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Education

FCC Chairwoman Jessica Rosenworcel Unveils Proposed Rules for Emergency Connectivity Fund

Acting FCC Chairwoman Jessica Rosenworcel on Friday released rules for the Emergency Connectivity Fund, answering many questions about the program.

Benjamin Kahn

Published

on

Photo of Jessica Rosenworcel from the FCC

WASHINGTON, March 17, 2020— The Federal Communications Commission is taking steps to respond to the uncertainty posed by the coronavirus, according to agency officials.

These increasingly serious efforts mirror those actions taken by many other government and private-sector entities, such as the declaration of a national emergency, localized orders for residents to shelter-in-place, and the White House’s national guideline to limit social gatherings to less than 10 people.

As written in yesterday morning’s Broadband Roundup, FCC Chairman Ajit Pai announced a pledge to Keep America Connected.

Watch Broadband Breakfast Live Online on Tuesday, March 17, at 12 Noon ET: Broadband, the Coronavirus and “Keep America Connected”

Many telecommunications corporations have already taken up the pledge, in which service providers maintain that they will not disconnect their constituents for the next 60 days.

When asked whether Pai will extend the pledge beyond 60 days, a spokesperson said that he will “assess the situation with respect to the pandemic as we come closer to the end of the 60-day period.”

What about rank and file employees of the FCC?

“The FCC has advised employees that unless it is absolutely necessary for them to work from the office, they should telework until further notice,” according to the spokesperson. “That being said, a substantial majority of FCC employees are teleworking.”

In fact, the spokesperson confirmed that Ajit Pai “is setting the example by teleworking himself.”

The FCC has also encouraged all this from their employees in the spirit of “greater social distancing” and to “minimize congregating at the workplace and on mass transit.”

 

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FCC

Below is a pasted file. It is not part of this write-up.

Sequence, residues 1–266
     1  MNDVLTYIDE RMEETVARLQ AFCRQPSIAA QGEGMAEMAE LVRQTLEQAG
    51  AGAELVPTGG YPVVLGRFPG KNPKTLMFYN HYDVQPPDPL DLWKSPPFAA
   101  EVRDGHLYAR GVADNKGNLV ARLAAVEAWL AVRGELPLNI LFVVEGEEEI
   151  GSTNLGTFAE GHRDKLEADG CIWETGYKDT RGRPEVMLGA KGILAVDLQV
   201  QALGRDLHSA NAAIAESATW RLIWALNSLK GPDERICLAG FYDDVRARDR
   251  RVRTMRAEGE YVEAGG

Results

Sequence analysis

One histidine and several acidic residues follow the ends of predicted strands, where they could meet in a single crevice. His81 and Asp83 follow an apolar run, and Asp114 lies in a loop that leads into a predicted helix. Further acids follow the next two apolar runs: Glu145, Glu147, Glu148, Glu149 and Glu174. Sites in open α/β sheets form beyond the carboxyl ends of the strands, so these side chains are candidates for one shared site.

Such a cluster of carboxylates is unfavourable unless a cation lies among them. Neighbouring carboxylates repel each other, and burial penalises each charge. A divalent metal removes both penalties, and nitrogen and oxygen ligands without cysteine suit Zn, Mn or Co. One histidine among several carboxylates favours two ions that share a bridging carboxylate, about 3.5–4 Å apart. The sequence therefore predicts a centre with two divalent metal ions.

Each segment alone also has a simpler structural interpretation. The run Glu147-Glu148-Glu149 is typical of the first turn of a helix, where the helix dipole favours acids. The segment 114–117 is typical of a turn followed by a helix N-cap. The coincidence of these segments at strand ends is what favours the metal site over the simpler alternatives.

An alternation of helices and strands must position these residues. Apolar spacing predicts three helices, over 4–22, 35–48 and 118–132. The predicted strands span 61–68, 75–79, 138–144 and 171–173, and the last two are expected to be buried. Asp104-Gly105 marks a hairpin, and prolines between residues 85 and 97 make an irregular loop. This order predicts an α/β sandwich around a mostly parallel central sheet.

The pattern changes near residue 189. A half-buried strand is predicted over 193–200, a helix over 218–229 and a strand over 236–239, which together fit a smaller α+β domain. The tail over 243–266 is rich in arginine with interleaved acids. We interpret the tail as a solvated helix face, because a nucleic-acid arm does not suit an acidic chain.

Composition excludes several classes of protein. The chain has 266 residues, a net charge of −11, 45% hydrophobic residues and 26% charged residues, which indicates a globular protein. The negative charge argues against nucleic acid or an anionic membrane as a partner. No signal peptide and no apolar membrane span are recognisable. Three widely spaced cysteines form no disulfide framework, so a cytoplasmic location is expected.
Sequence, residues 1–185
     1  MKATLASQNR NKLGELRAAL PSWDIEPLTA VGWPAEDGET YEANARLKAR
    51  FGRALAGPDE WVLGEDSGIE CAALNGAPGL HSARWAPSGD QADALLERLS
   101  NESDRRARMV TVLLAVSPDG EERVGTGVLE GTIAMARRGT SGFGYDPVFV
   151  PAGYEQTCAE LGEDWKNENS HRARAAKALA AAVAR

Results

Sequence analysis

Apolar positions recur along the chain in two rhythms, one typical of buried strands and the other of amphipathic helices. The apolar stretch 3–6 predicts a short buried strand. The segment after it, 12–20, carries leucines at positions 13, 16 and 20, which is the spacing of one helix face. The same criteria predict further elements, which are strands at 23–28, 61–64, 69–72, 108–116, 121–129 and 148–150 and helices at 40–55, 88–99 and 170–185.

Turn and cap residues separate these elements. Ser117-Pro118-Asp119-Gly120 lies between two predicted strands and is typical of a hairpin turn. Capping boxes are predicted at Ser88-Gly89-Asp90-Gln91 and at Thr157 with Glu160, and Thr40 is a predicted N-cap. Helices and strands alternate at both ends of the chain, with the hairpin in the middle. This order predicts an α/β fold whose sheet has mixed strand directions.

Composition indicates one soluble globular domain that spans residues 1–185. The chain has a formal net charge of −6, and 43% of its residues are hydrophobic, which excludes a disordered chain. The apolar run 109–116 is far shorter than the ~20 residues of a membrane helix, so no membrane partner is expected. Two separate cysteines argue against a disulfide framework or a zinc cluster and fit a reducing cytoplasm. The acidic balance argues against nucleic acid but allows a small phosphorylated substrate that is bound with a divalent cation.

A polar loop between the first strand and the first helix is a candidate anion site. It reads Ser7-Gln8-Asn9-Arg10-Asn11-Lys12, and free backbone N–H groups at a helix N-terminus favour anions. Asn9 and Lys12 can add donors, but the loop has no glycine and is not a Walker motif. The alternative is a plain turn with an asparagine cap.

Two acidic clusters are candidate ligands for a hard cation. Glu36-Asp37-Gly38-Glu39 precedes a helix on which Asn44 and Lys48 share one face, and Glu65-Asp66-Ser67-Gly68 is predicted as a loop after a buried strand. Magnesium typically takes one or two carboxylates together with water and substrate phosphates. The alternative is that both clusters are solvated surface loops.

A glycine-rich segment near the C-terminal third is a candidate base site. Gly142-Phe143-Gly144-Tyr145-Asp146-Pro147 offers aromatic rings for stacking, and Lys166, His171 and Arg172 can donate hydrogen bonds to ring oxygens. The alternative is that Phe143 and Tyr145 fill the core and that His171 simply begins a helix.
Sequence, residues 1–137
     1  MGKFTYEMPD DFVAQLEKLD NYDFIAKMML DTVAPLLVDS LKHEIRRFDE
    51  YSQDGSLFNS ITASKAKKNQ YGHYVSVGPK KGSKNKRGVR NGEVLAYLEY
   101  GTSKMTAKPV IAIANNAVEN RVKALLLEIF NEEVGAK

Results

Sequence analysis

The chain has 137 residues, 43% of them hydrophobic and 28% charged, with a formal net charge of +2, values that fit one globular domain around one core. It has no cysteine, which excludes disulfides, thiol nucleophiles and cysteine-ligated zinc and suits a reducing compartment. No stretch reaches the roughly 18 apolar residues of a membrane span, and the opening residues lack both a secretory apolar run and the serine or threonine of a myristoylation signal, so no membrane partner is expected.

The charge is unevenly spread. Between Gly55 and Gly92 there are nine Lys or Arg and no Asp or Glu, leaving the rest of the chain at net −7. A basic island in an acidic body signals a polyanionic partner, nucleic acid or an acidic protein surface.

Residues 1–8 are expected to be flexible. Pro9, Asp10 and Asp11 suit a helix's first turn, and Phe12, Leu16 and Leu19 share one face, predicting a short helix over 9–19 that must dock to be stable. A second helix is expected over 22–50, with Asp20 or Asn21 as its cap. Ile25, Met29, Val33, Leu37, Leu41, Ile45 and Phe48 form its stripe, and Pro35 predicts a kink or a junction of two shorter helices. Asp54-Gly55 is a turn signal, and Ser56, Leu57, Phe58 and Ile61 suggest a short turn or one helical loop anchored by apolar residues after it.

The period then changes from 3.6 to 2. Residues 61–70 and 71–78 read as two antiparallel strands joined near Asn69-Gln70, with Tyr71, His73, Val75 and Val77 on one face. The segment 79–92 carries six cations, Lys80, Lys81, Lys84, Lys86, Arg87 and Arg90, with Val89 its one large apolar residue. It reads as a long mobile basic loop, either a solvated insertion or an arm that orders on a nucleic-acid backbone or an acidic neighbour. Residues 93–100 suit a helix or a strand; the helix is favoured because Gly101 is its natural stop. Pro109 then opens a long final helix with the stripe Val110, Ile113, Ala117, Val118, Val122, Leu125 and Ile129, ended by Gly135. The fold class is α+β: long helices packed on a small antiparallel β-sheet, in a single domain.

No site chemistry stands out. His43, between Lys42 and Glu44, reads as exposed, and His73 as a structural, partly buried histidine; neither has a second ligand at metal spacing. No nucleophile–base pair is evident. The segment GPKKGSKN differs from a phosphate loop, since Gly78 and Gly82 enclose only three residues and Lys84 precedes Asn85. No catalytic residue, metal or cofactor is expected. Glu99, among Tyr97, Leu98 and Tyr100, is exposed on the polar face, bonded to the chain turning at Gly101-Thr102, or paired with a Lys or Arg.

Rosenworcel Says Anti-Muni Network Legislation Unfair, Hopes States Change Their Tune

FCC acting chairwoman Jessica Rosenworcel said she hopes state legislatures change stance on muni builds.

Benjamin Kahn

Published

on

WASHINGTON, March 17, 2020— The Federal Communications Commission is taking steps to respond to the uncertainty posed by the coronavirus, according to agency officials.

These increasingly serious efforts mirror those actions taken by many other government and private-sector entities, such as the declaration of a national emergency, localized orders for residents to shelter-in-place, and the White House’s national guideline to limit social gatherings to less than 10 people.

As written in yesterday morning’s Broadband Roundup, FCC Chairman Ajit Pai announced a pledge to Keep America Connected.

Watch Broadband Breakfast Live Online on Tuesday, March 17, at 12 Noon ET: Broadband, the Coronavirus and “Keep America Connected”

Many telecommunications corporations have already taken up the pledge, in which service providers maintain that they will not disconnect their constituents for the next 60 days.

When asked whether Pai will extend the pledge beyond 60 days, a spokesperson said that he will “assess the situation with respect to the pandemic as we come closer to the end of the 60-day period.”

What about rank and file employees of the FCC?

“The FCC has advised employees that unless it is absolutely necessary for them to work from the office, they should telework until further notice,” according to the spokesperson. “That being said, a substantial majority of FCC employees are teleworking.”

In fact, the spokesperson confirmed that Ajit Pai “is setting the example by teleworking himself.”

The FCC has also encouraged all this from their employees in the spirit of “greater social distancing” and to “minimize congregating at the workplace and on mass transit.”